Nature Notes: The Deer Didn’t Do It

For several years now deer have also been blamed for removing the underbrush or subshrub groundcover across the South Fork
In our columnist’s opinion, one of the most serious charges against deer — that they are destroying the South Fork’s low woodland vegetation — is off the table. Dell Cullum

   The native deer population has been blamed for a lot of things, hosting ticks, causing highway accidents and vehicle damage, eating favorite ornamentals, even defecating on manicured lawns. For several years now deer have also been blamed for removing the underbrush or subshrub groundcover across the South Fork.
    My own casual observations over the years gave reason to question this last accusation. Since 1980 I’ve been keeping track of the condition of the woodland vegetation, not only of the trees, but also of the stuff on the forest floor below their canopies. I have seen the groundcover eaten up firsthand, not by deer but by gypsy moth larvae and canker worms after they’ve finished stripping the trees bare. Several areas on the South Fork still bear the scars of these episodic invasions.
    However, this year the insect gods have been kind, there is very little in the way of defoliation on a grand scale to observe. In fact, and perhaps owing to the generous June rains, the canopies have not looked so full and so lush in many years. Having religiously kept track of the state of the tree foliage in Southampton and East Hampton Towns since the beginning of spring, I decided to take a close look at the groundcover situation.
    So, on Friday and Monday I drove the woodland roads of the two towns, east of Southampton Village and west of Napeague.
    In all, I drove 32 miles of Southampton roads and 35 miles of East Hampton ones, recording the state of the undergrowth as I went. The roads covered a collective area of some 29,500 acres of prime woodlands, including East Hampton’s Northwest white pine and pitch pine forest, the morainal pitch pine and oak forests of Southampton, and those of western East Hampton, in Wainscott, for example. I also cruised the woodlands of Amagansett and Springs north of Montauk Highway.
    I have the following good news regarding forest undergrowth: First of all, let me start out by saying that in my 23 years of roadside observations, I have never seen the groundcovers looking so robust, green, and thick. On my 1-to-10 lushness scale, the groundcovers along the roads I traveled consistently rated 9 and 8.5, that is equally as lush as the canopies in the trees above. Except for a few areas where American beech trees are dominant, such as along Old Stone Highway between Amagansett and Springs, where the ground was almost devoid of cover save for the leaves, the floor of every pineland and oakland forest were 30 to 100 percent covered with huckleberries and lowbush blueberries. The average coverage was about 80 percent.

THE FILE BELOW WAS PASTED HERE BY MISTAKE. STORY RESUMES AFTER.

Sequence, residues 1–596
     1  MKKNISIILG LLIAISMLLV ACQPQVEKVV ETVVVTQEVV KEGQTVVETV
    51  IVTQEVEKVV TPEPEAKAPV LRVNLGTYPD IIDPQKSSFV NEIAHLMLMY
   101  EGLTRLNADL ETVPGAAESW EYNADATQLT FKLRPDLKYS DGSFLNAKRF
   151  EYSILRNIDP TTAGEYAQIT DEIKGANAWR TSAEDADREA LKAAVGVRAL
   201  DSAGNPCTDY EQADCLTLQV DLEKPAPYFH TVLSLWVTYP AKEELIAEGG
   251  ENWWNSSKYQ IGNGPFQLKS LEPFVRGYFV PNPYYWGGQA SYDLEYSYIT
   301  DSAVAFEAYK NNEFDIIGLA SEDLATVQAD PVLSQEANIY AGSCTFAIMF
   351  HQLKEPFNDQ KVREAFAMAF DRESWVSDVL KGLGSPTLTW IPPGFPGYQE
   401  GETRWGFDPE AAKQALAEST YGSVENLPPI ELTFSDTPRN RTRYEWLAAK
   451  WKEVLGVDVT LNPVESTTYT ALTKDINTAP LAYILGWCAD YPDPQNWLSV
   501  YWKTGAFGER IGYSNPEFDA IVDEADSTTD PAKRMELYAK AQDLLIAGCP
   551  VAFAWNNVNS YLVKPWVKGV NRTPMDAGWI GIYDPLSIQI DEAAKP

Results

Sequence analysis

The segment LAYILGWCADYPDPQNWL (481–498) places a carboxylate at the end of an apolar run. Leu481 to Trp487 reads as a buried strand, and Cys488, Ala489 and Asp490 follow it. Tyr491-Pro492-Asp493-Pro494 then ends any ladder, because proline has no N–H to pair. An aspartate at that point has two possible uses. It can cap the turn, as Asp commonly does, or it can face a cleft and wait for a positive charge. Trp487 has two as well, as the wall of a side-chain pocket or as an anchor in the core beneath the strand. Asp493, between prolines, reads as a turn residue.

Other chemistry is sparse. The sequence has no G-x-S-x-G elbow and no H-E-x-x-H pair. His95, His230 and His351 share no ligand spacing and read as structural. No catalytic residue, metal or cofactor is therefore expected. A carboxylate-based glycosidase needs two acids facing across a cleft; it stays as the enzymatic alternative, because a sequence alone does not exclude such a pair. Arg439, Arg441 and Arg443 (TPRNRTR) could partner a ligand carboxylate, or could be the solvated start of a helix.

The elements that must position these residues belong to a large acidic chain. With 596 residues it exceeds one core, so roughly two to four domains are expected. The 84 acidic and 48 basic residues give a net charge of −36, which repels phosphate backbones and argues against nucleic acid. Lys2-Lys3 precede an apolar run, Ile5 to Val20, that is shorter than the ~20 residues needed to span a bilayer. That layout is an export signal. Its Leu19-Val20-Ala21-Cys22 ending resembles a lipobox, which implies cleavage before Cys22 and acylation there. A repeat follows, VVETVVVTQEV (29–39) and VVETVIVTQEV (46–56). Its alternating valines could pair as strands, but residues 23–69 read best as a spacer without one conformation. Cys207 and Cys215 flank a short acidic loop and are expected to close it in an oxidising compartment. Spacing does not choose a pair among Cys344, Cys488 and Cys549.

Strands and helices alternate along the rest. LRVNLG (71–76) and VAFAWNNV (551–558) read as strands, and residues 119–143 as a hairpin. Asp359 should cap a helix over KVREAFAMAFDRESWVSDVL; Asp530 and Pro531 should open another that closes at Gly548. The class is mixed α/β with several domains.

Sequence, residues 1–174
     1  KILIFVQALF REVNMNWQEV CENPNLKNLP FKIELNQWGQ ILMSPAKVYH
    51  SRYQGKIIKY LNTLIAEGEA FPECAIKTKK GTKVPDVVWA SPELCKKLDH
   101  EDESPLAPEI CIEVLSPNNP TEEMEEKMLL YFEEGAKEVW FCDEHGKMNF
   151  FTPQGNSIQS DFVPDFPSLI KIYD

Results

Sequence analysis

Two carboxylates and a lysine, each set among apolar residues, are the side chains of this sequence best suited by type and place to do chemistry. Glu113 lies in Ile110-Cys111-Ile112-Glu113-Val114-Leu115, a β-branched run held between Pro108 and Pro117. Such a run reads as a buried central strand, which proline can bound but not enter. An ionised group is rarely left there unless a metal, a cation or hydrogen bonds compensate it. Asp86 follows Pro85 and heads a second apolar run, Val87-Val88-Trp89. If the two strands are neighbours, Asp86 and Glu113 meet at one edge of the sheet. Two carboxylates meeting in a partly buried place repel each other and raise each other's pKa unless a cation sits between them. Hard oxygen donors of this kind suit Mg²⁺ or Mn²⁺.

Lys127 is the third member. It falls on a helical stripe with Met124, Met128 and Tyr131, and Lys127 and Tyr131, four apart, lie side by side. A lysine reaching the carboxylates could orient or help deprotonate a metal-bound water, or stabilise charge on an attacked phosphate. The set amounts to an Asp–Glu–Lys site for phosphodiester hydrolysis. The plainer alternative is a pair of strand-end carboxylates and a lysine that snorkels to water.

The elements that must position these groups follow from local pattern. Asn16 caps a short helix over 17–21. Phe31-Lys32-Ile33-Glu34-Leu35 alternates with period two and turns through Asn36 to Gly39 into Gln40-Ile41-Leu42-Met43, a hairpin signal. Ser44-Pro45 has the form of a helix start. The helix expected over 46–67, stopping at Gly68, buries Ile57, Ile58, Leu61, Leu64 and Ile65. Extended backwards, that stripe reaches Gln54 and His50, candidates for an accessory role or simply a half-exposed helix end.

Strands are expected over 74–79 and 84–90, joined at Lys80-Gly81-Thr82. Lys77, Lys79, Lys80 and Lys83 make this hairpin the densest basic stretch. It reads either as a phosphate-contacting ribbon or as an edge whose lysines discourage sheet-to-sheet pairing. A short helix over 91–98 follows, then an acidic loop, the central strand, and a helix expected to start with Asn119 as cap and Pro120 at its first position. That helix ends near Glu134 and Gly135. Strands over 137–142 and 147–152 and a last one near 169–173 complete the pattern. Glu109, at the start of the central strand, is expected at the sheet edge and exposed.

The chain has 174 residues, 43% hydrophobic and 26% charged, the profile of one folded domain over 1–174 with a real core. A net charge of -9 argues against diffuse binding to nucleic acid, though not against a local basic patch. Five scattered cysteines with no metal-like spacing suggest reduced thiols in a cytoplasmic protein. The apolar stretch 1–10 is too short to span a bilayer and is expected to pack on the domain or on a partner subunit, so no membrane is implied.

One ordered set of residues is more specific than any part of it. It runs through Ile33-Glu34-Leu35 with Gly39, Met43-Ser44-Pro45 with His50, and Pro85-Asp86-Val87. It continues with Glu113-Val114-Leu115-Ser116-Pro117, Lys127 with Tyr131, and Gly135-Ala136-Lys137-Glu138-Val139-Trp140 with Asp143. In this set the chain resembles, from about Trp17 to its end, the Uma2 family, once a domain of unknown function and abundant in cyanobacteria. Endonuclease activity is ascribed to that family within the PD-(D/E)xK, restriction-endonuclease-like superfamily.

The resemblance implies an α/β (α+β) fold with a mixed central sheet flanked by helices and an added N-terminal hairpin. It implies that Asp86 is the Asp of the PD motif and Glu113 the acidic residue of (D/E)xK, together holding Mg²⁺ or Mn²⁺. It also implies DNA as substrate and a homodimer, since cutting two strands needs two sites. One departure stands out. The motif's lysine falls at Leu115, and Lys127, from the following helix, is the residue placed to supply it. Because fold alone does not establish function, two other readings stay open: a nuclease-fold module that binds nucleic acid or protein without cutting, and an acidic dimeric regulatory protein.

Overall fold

Similarly, there were no signs of the viral disease that four and five years ago had wiped out many patches of them as well as mountain laurels. The leaves were almost 100 percent green. In a few spots that had been the hardest smitten by gypsy moths, such as along Hand’s Creek and Daniel’s Hole Roads and Stephen Hands Path, all in East Hampton, as much as 40 percent of the groundcover was composed of a 12-inch-high layer of Pennsylvania sedge, another native and the most common sedge species on Long Island. It had come to the ravaged woodlands’ aid after the tree, huckleberry, and blueberry leaves were eaten up by the caterpillar attack of 2000 and 2001.
    As I had hypothesized, there were very few signs of deer.
    What was especially pleasing to discover after two days of driving here and there in near 90-degree weather was that the “water recharge” and “aquifer protection” areas of East Hampton and Southampton, respectively, were almost completely intact. The East Hampton ones were established in 1983. Without the groundcover and the turf layer to filter and remove nitrogen products and other pollutants, the groundwater reserves sequestered in our two potable aquifers, the upper glacial and magothy, would be much less pure than they are today. The administrations in both towns in the 1980s were smart-thinking and smart-acting. Bravo East Hampton and Southampton!
    At least for the moment, one of the most serious charges against deer is off the table. In all fairness to Odocoileus virginianus, shouldn’t we re-examine the others more carefully?